Some activities associated with drug use can put us at an increased risk for getting HIV and Hepatitis C. While using substances, we could be providing an easy route for HIV and/or Hepatitis C to get directly into our blood stream through our veins (by injecting), or through sores or tears in the soft linings of our mouth and nose (smoking and snorting). Using substances can also lower our capacity to make decisions, and with lowered inhibitions we may take more or increased risks than we would otherwise not. We might not practice safer sex when using,or we might not be able to correctly use a condom. This can put us at risk for HIV and/or Hepatitis C, and other sexually transmitted infections.

Depending on the substance and method of use, there are different ways of reducing your risk of HIV and/or Hepatitis C.

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Make sure to take good care of your nose when you’re snorting. Snorting can irritate the soft tissues inside your nose, and cause sores and tears. Rinsing your nose before and after snorting with a bit of water or saline can help keep your nasal passages moist, and move the substance through your nose.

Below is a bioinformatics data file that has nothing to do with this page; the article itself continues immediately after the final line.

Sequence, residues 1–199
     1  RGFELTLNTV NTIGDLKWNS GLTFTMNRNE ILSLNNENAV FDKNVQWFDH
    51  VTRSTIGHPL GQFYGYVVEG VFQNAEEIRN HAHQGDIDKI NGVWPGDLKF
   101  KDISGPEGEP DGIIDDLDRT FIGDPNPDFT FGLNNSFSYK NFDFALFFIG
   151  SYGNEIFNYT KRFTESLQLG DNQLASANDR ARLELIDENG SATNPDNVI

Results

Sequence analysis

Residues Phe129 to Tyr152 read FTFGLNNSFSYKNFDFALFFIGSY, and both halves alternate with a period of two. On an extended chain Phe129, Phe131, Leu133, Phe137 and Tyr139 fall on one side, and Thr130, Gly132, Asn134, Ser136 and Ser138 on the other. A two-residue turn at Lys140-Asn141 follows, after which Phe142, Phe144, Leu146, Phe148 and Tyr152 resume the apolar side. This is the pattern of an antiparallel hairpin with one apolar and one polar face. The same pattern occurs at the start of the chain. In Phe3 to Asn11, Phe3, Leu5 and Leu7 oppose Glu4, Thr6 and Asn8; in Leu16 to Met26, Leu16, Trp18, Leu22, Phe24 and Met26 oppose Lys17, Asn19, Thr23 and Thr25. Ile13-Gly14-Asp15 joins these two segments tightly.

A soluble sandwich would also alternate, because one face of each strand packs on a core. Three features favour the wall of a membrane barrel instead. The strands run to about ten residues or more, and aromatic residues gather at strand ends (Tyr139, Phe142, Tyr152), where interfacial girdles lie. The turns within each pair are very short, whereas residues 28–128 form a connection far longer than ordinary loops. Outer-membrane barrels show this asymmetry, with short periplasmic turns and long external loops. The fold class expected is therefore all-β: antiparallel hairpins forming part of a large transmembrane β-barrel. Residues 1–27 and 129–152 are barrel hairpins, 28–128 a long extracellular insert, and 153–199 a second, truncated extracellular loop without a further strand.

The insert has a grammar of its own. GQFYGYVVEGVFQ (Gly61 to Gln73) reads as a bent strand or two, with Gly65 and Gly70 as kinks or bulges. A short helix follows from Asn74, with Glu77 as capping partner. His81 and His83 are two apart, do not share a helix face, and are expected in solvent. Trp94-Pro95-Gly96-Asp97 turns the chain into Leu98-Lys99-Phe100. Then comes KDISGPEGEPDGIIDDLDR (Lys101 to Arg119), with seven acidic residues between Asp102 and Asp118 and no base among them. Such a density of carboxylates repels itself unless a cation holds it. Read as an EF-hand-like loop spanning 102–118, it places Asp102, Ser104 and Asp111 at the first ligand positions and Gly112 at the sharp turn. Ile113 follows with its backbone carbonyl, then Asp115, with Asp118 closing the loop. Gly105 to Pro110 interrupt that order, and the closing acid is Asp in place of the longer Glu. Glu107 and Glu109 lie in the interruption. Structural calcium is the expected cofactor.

Sharing straws or bills for snorting can put you at risk for HIV and Hepatitis C. To make snorting safer, use your own straws or bills and mark them so you know which ones belong to you. Some people like to mark their equipment with a string, an elastic band, lipstick or markers.

It’s important to know that these practices can help reduce your risk of HIV and/or Hepatitis C, but they will not eliminate the risk entirely.